“It was fun,” Cam said. “When I tell some people, they’re jealous. Some people see their cousins two or three times a year. We had all our cousins right there, so we could go down the street and get enough people for a game of basketball or a football game. You get to see them whenever you feel like. It was really a lot of fun.”

But it wasn’t all fun and games for the Martins, not by a long stretch. Living on a farm more or less means working on a farm.

For the longest of time, the Martins raised cattle and also had a horse or two. The large barn near Grandma’s house needed to be filled with hay every summer, and the fences needed constant repair after seeing perpetual head-butting from ornery bovines.

Uncle Bobby also dabbled in the logging business once he graduated from Tech. During the summers, he often wrestled Cam and Orion away from their beds – the two shared the same room for years – and hauled them into the woods for a day of cutting and splitting wood.

“I treated them like my own,” Bobby said. “That’s the way we do it around here. We’re all raising each other’s children. If I told them to do something, they did it just as if their dad told them. Same with my kids.”

Their hands became calloused and then became as tough as leather. Their mindset became the same, too. At the end of the day, Bobby didn’t always line the pockets of the boys’ trousers with cash. Often, he’d just take them to the general store for a can of pop and a hot dog or a pack of nabs.

“Yeah, most of the time, I fed them or I’d take them to the movies every once in a while,” Bobby said.

He paused for an instant.

“What did they tell you?” he laughed.

“Sometimes, he’d pay us, but he’d always find a way to take care of us,” Orion said. “He’d always get us a Pepsi and a hot dog. He was what an uncle should be – a good, strong, Christian man looking out for his family.”

Church plays a huge role in this family, in large part because David Martin juggles being an English teacher with being the associate pastor at their church. Every Sunday, the family loaded up and headed to God’s house, though the two boys weren’t always willing participants.

You see, church cut into the NFL pregame shows, much to the boys’ dismay. But as they got older, they understood the importance of their faith. God led them to Him. He has a way of doing that, if one lets him.

It helped that Uncle Bobby went, too. Cam and Orion hold a special relationship with Bobby in large part because of Bobby’s playing career at Tech. David Martin often loaded his boys in the car and made the 90-minute drive to Blacksburg on Saturdays in the fall to see Bobby play. Back in the days when Lane Stadium was half empty, videoboards didn’t exist and Enter Sandman hadn’t become Hokie Nation’s national anthem.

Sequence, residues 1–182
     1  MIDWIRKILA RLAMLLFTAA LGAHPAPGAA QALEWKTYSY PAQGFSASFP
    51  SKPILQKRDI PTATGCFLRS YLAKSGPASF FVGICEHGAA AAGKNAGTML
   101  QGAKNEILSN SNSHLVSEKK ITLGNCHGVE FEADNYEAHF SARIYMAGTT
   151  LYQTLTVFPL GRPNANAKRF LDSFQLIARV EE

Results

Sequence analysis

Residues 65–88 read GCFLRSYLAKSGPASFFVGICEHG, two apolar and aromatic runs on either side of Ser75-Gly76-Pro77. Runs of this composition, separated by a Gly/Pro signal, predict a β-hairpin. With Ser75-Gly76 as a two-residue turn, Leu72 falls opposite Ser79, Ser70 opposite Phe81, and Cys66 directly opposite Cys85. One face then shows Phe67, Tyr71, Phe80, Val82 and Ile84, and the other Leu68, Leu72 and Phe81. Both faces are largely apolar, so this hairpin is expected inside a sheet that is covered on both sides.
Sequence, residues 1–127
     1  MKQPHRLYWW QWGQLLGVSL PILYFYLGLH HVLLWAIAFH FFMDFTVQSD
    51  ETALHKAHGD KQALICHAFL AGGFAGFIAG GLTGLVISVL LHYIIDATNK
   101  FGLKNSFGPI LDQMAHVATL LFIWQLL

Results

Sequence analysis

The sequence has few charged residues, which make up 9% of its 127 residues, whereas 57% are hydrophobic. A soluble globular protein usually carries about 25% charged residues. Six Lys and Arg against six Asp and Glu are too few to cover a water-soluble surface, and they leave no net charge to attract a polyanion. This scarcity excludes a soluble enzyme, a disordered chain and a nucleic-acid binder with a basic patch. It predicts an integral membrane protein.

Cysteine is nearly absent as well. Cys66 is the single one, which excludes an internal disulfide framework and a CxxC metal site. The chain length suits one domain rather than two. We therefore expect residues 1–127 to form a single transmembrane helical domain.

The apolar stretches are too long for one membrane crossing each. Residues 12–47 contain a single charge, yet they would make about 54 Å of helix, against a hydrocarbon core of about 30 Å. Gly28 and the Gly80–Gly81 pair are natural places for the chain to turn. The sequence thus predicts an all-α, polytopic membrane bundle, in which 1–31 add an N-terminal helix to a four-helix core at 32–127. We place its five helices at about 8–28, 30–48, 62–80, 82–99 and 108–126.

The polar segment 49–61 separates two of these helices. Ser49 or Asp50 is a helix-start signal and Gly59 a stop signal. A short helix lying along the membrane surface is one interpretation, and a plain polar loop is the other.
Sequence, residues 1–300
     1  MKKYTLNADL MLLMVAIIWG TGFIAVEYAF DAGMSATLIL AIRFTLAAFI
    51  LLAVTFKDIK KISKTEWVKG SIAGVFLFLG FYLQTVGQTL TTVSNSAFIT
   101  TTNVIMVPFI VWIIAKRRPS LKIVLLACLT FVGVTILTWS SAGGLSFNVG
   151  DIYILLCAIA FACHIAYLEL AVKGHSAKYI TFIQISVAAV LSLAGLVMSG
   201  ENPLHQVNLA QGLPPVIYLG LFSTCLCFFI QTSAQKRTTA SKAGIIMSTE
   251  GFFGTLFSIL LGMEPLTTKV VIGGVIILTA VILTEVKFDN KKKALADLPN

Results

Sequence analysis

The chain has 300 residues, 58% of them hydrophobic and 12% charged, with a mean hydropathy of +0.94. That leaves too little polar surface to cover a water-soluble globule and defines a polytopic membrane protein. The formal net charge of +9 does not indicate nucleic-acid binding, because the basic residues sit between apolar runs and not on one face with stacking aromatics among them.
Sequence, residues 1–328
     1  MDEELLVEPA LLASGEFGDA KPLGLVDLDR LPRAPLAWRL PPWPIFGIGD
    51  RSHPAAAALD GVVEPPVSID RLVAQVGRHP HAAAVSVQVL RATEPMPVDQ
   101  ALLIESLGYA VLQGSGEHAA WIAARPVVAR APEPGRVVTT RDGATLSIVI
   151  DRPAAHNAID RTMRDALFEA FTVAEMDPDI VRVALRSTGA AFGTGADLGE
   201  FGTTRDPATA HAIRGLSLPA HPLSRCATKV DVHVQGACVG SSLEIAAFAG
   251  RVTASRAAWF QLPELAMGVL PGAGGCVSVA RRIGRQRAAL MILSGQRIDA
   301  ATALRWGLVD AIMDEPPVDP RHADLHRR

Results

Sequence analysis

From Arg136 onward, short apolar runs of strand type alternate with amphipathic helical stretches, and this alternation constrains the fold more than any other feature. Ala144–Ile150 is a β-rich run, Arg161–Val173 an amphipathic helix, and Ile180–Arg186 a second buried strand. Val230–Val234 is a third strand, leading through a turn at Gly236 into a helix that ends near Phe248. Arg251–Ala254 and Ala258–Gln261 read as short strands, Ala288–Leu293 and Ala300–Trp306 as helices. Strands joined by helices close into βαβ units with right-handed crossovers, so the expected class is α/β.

They remember few of the details of Bobby’s playing days. Bobby graduated from Tech in 1990, and at that time, Orion was 5 years old, Cam 3. Orion remembers a game against Florida State, and he also remembers his uncle downing a punt.

“He downed it near this end zone,” Orion said, pointing to the north end zone. “But I don’t remember who it was against, though.”

The details matter little. They just know he played and they saw him, and they loved it. They loved it when he dragged them into the locker room after games and they got to high-five Will Furrer and others.

They saw others play, too, once Bobby departed. The family kept coming to games, not every game, mind you, but a couple a year, which only whetted the boys’ zest for all things Hokie.

“We’d park in the lot out there next to Price’s Fork [Road],” Cam said. “Then Orion and I would run across the Drill Field just to be sure that we didn’t miss the kickoff. It was exciting. Man, those were some good days.”

The dream kept swelling, and they knew that Bobby lived the dream that they ultimately came to want to live. So they’d do anything he did to live it. They saw him working hard, so they did the same, even if it meant cutting wood all day for a hot dog and a cold Pepsi.

“When you look back, Coach [Frank] Beamer has built Virginia Tech on hard work,” Bobby said. “I know. I was part of it. And Cam and Orion have learned that here [on the farm].

“Sometimes, you don’t always work hard for a paycheck. Sometimes, you work hard because it’s the right thing to do.”